Montana recently passed an amendment to its 10-year-old data breach notification law that will require entities to notify the Montana attorney general of a breach by submitting an electronic copy of the individual breach notification and a statement providing the date and method of distribution of the notification. Additionally, the amendment adds medical record information, taxpayer ID, and “identity protection personal identification number” issued by the IRS to the definition of personal information. The amendments will go into effect on October 1, 2015.
Wyoming also passed two bills amending its data breach notification law to modify its definition of personal information and specify the type of information required in notices to Wyoming residents. Specifically, the following will be added to the definition of “personal information”:
- shared secrets or security tokens that are known to be used for data based authentication;
- a username or email address, in combination with a password or security question and answer that would permit access to an online account;
- a birth or marriage certificate;
- medical information, meaning a person’s medical history, mental or physical condition, or medical treatment or diagnosis by a health care professional;
- health insurance information, meaning a person’s health insurance policy number or subscriber identification number, any unique identifier used by a health insurer to identify the person or information related to a person’s application and claims history;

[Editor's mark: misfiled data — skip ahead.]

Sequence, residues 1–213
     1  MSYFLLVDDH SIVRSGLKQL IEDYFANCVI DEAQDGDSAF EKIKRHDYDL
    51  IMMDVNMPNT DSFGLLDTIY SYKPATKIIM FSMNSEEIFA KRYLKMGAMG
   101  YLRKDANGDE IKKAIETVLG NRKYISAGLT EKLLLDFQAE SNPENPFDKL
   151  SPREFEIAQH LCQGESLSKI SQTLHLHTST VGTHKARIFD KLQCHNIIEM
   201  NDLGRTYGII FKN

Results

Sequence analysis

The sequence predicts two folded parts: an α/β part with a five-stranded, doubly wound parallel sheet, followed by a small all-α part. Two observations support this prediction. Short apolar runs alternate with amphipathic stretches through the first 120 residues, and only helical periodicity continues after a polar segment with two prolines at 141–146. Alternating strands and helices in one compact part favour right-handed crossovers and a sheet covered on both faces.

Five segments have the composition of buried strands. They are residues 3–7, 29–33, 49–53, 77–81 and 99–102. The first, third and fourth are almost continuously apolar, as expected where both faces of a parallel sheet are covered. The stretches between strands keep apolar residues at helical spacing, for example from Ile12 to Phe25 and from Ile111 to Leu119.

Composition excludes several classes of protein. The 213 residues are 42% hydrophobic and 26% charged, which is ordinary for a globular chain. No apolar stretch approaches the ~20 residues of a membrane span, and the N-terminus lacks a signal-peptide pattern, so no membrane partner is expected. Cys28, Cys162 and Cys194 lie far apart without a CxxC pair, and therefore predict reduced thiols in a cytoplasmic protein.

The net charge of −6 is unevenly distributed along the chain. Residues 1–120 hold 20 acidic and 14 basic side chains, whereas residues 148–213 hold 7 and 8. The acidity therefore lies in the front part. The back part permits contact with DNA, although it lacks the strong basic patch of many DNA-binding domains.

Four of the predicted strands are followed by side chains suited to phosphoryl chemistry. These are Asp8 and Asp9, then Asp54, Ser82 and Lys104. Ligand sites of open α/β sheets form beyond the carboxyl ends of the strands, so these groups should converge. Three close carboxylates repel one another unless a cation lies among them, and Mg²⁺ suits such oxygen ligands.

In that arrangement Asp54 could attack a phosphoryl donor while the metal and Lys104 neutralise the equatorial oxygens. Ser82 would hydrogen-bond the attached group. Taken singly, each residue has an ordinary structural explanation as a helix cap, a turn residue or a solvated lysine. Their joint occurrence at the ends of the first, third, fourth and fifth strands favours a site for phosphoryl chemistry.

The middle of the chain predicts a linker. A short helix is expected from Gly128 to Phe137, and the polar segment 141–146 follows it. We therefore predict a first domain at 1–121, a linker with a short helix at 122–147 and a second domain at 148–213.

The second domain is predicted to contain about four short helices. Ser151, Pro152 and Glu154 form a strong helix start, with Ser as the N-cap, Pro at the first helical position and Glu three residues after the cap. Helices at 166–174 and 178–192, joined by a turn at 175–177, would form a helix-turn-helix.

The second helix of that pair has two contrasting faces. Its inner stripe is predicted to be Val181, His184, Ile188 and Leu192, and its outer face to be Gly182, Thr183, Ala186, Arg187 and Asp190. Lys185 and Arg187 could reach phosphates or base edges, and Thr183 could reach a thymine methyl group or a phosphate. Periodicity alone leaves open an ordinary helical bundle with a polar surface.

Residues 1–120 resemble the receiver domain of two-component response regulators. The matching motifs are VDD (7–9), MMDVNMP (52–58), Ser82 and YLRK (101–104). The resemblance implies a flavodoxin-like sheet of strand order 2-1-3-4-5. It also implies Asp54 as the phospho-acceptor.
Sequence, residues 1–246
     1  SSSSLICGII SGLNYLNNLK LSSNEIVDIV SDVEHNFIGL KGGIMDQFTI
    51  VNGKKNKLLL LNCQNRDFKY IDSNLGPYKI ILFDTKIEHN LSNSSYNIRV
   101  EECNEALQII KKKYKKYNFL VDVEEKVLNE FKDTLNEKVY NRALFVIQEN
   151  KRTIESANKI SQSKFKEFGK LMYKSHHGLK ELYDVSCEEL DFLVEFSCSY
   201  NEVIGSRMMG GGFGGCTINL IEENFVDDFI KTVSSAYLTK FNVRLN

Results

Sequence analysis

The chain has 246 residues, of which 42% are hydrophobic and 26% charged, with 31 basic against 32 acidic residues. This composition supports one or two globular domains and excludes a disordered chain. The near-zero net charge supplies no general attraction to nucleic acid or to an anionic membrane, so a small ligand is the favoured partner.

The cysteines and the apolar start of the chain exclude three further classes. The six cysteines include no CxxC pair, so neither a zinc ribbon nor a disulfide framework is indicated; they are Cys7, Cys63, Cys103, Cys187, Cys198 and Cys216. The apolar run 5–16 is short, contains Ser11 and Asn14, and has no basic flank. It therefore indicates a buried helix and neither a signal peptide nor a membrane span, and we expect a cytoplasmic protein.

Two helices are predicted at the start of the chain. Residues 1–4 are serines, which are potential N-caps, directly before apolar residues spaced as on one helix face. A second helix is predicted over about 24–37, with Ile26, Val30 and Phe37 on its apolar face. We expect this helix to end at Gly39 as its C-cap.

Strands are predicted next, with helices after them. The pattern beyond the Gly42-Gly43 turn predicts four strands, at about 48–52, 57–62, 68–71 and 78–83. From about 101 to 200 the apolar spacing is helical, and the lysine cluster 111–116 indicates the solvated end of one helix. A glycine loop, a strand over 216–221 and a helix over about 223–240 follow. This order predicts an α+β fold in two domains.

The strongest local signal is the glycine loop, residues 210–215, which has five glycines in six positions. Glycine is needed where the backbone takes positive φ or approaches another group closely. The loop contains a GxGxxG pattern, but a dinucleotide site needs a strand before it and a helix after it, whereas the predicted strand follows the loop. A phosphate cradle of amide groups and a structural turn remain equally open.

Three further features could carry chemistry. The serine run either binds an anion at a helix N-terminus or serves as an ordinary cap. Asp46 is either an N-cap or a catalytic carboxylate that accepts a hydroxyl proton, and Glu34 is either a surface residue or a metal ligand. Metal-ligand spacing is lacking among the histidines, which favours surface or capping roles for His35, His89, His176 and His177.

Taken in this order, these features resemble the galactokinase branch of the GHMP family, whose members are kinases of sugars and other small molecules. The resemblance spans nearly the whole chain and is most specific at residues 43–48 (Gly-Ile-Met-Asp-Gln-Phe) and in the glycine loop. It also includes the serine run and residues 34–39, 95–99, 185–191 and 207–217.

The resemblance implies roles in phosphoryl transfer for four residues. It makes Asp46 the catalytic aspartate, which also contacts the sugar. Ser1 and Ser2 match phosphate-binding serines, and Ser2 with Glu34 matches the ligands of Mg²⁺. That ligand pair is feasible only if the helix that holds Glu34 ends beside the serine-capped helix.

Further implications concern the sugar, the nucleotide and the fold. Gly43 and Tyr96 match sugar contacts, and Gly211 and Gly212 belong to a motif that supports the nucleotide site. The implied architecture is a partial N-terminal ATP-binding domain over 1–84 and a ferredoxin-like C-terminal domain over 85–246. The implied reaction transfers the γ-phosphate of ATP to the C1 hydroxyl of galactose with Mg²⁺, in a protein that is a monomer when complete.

- unique biometric data, meaning data generated from measurements or analysis of human body characteristics for authentication purposes; and
- an individual taxpayer identification number.
Further, one of the Wyoming bills amends the individual notice requirements to include the types of information involved in the breach; a general description of the breach; the approximate date of the breach; the actions taken by the entity to protect the system from further breaches; advice directing individuals to remain vigilant by reviewing accounts/credit reports; and whether notification was delayed by law enforcement. Lastly, the amendment provides that covered entities or business associates that comply with HIPAA will be deemed to be in compliance with the state individual notice requirements. The amendments to the Wyoming breach notice law take effect on July 1, 2015.
TIP: Montana joins a growing list of states – including CA, CT, FL, HI, IN, IA, LA, MA, MD, ME, MO, NC, NH, NJ, NY, PR, SC, VA, and VT – that require notice to state authorities in the event of a breach. Additionally, the amendments in Montana and Wyoming continue the trend of states expanding their definitions of what constitutes “personal information.”